Here is a short video of my winter climb of Mt. Democrat. If I had to describe the ascent with just a few words I would say slow, grueling, cold, windy, lonely, and very, very white. In white out conditions I managed to tackle the three 14ers along that route. I began my climb at 8am and finished by 3:30. If you’d like to read more about the trip, a full write up can be found here: http://graysoncobb.com/mt-democrat-cameron-lincoln-bross/
Yesterday morning I started working my way up to the quadfecta of Mt. Democrat, Cameron, Lincoln, Bross. Cameron isn’t technically considered it’s own mountain because it lies on the slopes of Lincoln but it is still a 14er peak. Because of the brutal winter temps and snow the past couple weeks the road up to the summer trailhead at Kite Lake was closed about 3 miles down the road at an old abandoned mining hub called Paris Mill. A few days earlier I had tried to navigate my way up to Kite Lake with my city slick tires and was stuck within a half mile. So the past couple days I had settled for a start at Paris Mill and accepted the easy 3 miles out and 3 miles back of road walking. Continue reading Mt. Democrat, Cameron, Lincoln, Bross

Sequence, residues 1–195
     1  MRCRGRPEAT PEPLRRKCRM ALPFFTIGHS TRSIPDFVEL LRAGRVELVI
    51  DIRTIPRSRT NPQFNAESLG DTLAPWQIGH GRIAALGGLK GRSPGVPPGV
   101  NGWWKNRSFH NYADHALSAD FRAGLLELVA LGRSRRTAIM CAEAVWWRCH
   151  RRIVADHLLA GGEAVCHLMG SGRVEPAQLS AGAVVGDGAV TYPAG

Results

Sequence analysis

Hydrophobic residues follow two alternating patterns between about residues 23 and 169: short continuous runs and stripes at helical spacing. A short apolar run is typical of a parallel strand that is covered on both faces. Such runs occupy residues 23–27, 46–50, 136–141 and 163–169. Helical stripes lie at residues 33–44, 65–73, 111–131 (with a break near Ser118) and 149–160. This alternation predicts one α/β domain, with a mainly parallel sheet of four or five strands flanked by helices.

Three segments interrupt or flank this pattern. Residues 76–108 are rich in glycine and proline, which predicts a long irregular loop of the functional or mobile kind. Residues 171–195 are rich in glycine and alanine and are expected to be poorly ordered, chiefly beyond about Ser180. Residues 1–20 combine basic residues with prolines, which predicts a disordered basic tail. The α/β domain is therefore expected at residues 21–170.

The air was thick and warm. I was elated to relax and know that the near freezing temperatures I encountered up on the northern Appalachian Trail were behind me. I was calm and at peace after laughing on the phone with my parents making fun of the grump I met down in Salisbury and I easily fell asleep under the clear sky. But by early morning I woke up to gentle drops of rain hitting my tarp roof. I thought it would remain just that so I went back to sleep. I would have hiked to the shelter the night before but I remembered the .4 mile detour to get there very well and at this point I counted any deviation from the trail as a setback. I did prefer to sleep in shelters because of their dependability over a tarp on stormy nights but sometimes it just isn’t worth it. Continue reading Kent, Connecticut, Day 23, 29.0 miles